by Thomas Rainwater 

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Just a quick note to say we just successfully completed the first of two Hicatee (Central American River Turtle, Dermatemys mawii) Survey and Monitoring Workshops in Belize.  This first workshop was conducted on the Rio Grande in southern Belize, near the town of Punta Gorda.  The second workshop begins tomorrow on the New River Lagoon in northern Belize. 

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The primary purpose of these workshops is to teach Belizeans standardized methods for surveying and monitoring Dermatemys throughout the country so the status of this Critically Endangered turtle can be examined on a broader scale and a more consistent basis.  Results of our (TSA) country-wide survey last spring (2010) indicated that Dermatemys populations in Belize continue to decline from overharvesting and to a lesser extent habitat loss and degradation.  Following our report, a Hicatee Conservation Forum and Workshop was held at the University of Belize in December 2010, at which the National Hicatee Conservation and Monitoring Network (NHCMN) was formed.  The NHCMN has quickly sprung into action with Dermatemys conservation initiatives on multiple fronts, and our survey and monitoring workshops are part of this effort.

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For the Rio Grande workshop, we had a great group of attendants representing several key groups in Belize including the Belize Fisheries Department, the Belize Foundation for Research and Environmental Education (BFREE), the Community Baboon Sanctuary (CBS), the Environmental Research Institute (ERI)/University of Belize, the Toledo Institute for Development and Environment (TIDE), and Ya’axché Conservation Trust (YCT).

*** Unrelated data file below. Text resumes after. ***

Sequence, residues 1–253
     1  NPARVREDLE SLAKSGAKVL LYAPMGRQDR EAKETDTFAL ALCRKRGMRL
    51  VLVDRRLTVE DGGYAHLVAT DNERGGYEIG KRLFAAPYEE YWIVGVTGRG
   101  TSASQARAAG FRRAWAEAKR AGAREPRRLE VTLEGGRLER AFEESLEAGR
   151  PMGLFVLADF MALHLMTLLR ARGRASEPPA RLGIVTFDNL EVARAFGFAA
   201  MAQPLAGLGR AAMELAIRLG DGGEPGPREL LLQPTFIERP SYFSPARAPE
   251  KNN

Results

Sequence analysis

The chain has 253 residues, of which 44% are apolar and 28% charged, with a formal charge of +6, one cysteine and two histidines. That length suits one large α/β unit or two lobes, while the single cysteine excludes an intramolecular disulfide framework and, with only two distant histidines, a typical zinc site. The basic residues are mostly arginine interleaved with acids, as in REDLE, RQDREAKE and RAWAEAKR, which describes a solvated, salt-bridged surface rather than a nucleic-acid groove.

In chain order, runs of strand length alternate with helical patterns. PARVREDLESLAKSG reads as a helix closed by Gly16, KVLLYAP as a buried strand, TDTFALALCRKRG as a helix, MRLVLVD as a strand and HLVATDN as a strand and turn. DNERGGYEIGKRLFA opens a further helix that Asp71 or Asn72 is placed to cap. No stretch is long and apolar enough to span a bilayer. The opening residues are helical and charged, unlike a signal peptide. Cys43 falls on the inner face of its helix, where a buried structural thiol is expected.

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We all met in Punta Gorda on March 12th and had a brief orientation before heading into the field.  For the next two and half days, trainees learned netting and spotlight survey techniques, as well as methods of determining gender, collecting morphometric measurements, and marking captured turtles before release.  Importantly, the trainees also learned how to record data on standardized data sheets (provided) so that information from surveys conducted around the country can be stored in a central database and compared. 

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The group was bright, highly enthusiastic, and caught on quickly.  We captured five hicatee during the workshop and saw several others.  It was telling that the only people in our group of 13 that had ever actually seen a hicatee before were the three of us that conducted surveys in 2010 and an older gentleman with the Fisheries Department that used to hunt Dermatemys in his younger days.  Everyone was elated to finally see up-close the turtle that they are working so hard to protect.